0132 GMT February 23, 2020
Mitch Bainwol, chief executive of the Alliance of Automobile Manufacturers, a trade group representing General Motors Co., Toyota Motor Corp, Volkswagen AG and others, said at a forum ahead of the New York auto show that automakers were not seeking a rollback of existing standards, Reuters reported.
“What we want is rational, predictable, stable policy," he said. Automakers hope "that over time responsible parties will come together and have an honest conversation about what the data is."
In March, President Donald Trump ordered a review of US vehicle fuel-efficiency standards from 2022-2025 put in place by the Obama administration, saying they were too tough on the auto industry.
But California opposed weakening the rules, threatened to pursue tougher standards unilaterally and could mount a legal challenge. New York has also threatened a fight.
The White House plans to hold negotiations with car companies and California. A deal would remove uncertainty for automakers, who need years of lead time to engineer future models and want uniform rules across all 50 states.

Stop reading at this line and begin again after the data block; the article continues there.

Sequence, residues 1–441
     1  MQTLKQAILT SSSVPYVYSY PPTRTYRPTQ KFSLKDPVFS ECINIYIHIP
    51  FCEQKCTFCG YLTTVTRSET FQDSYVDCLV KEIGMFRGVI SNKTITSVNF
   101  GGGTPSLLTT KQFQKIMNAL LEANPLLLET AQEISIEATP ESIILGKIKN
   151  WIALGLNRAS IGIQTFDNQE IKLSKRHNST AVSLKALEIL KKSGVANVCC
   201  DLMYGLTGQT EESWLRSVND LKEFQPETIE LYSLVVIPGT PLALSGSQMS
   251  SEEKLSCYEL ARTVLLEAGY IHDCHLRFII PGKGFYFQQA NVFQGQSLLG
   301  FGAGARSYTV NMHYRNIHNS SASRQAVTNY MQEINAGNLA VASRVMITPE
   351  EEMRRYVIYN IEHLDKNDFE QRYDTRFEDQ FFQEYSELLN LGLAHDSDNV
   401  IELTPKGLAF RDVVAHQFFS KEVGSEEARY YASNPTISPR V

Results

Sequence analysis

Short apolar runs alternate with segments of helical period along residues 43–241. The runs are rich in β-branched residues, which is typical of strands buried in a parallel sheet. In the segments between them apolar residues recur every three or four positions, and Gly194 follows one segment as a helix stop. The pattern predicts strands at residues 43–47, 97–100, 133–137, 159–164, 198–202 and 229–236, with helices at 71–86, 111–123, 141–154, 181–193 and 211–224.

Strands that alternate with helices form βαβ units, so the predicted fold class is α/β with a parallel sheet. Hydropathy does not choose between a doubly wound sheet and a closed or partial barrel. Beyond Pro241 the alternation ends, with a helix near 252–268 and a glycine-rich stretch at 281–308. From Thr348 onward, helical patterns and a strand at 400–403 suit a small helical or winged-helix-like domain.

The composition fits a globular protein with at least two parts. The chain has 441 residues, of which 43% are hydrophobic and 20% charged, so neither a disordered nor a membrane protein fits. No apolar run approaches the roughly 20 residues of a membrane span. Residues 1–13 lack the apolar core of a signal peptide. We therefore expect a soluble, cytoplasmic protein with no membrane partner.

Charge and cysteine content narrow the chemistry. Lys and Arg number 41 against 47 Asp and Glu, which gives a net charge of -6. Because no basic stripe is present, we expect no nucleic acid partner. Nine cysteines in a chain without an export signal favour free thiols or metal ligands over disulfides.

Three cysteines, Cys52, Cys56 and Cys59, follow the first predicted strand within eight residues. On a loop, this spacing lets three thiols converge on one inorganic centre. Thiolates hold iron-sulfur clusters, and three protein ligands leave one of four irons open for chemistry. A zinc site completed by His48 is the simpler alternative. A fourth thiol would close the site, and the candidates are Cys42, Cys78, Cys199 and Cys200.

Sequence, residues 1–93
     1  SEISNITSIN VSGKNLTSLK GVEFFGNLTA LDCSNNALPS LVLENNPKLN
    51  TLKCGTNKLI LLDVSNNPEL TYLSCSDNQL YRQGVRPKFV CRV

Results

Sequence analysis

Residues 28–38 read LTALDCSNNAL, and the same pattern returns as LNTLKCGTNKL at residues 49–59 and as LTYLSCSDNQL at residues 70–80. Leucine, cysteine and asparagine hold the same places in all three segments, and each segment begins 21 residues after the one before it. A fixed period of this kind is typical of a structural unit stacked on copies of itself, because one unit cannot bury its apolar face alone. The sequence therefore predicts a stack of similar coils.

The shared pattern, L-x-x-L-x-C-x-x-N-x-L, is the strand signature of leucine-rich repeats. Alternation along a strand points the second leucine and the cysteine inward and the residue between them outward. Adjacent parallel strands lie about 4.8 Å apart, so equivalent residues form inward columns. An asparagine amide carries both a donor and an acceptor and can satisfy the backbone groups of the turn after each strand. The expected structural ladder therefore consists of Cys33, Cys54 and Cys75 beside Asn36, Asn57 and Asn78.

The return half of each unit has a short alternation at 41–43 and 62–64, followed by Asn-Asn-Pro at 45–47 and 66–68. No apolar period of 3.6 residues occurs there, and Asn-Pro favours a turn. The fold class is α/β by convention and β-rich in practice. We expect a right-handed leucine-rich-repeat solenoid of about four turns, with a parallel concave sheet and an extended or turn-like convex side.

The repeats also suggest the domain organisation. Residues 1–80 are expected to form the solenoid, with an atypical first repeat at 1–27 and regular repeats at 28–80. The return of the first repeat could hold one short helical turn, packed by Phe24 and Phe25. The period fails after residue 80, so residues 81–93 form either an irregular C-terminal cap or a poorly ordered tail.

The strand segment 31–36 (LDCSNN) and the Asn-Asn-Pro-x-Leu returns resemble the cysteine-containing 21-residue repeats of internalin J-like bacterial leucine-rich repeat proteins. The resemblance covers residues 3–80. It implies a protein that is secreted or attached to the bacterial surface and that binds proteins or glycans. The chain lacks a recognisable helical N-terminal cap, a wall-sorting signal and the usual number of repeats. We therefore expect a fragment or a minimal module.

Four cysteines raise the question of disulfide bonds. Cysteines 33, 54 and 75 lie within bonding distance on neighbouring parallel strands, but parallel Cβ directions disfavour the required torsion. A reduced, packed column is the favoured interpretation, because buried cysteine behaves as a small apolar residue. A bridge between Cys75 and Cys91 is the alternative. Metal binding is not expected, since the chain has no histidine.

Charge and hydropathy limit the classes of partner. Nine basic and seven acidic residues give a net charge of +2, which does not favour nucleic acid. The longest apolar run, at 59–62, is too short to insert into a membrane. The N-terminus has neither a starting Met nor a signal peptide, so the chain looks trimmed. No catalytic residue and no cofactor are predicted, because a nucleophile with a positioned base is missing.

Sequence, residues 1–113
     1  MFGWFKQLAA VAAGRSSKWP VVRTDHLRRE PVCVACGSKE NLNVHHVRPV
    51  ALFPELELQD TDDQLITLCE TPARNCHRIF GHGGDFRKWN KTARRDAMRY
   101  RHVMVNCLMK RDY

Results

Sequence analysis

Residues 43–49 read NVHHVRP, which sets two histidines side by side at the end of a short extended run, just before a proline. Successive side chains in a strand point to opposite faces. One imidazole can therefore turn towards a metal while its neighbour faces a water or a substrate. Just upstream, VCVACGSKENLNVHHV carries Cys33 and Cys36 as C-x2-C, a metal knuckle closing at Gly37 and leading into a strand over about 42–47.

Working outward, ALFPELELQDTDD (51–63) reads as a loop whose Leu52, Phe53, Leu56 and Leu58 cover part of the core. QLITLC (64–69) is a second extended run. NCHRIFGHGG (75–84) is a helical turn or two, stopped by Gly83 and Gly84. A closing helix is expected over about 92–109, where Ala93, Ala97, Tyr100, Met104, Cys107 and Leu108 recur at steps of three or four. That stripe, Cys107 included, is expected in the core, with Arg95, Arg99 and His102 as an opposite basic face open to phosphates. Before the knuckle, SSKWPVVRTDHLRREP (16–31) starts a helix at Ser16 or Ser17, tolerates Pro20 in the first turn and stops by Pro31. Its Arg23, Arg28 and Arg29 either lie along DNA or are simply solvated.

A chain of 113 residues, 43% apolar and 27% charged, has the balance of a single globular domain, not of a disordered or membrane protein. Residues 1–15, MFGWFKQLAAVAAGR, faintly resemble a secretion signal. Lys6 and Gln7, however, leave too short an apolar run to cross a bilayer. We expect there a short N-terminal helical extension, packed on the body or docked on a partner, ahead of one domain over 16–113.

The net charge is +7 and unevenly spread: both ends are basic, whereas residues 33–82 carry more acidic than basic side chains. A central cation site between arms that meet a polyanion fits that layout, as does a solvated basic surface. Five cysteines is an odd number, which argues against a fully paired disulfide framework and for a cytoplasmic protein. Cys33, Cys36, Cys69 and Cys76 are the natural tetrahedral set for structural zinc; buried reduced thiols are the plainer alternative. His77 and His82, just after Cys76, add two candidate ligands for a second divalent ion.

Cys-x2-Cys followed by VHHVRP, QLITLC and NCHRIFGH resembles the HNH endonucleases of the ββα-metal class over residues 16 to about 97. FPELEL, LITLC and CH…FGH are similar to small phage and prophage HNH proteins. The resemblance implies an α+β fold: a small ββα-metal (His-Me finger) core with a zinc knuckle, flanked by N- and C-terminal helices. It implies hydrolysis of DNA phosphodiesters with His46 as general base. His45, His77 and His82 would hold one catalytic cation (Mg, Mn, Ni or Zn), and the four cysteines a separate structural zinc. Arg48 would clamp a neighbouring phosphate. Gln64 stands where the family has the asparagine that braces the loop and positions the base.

The Obama administration's rules, negotiated with automakers in 2011, were aimed at doubling average fleet-wide fuel efficiency to 54.5 miles per gallon by 2025. Under the 2011 deal, the 2022-2025 model year rules must be finalized by April 2018.
"The talk of rollback is fallacious. What we are talking here is the nature of the slope," Bainwol said. "We will get to the Obama numbers (54.5mpg). We will get beyond the Obama numbers. The question is when and how."
Without a deal, automakers could be forced to meet one set of standards in California and about a dozen states that have adopted its rules and other rules in the rest of the country.
Environmentalists said the rules are saving consumers billions of dollars in fuel. Dave Cooke, a vehicle analyst at the Union of Concerned Scientists, said in a blog that "fuel economy regulations have been critical in moving the needle towards energy efficiency — the auto industry is historically resistant to change, pushing back on safety improvements like air bags and seat belts."
In 2011, Obama said the rules would save motorists $1.7 trillion in fuel costs over the life of the vehicles, but cost the auto industry about $200 billion over 13 years.